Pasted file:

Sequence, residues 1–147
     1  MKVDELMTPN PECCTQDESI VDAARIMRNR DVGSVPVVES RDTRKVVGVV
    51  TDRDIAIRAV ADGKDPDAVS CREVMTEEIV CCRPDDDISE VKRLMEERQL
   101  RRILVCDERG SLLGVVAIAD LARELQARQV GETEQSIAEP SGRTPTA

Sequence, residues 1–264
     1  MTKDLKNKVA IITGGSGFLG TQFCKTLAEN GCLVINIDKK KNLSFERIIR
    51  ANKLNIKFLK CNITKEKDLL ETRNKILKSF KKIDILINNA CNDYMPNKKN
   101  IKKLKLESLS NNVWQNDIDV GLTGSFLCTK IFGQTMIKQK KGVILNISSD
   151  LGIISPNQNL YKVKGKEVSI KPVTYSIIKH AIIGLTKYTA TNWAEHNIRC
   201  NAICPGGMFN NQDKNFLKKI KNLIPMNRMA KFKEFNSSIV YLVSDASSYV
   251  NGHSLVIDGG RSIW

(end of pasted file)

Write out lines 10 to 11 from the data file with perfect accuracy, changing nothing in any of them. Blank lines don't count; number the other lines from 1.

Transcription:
   201  NAICPGGMFN NQDKNFLKKI KNLIPMNRMA KFKEFNSSIV YLVSDASSYV
   251  NGHSLVIDGG RSIW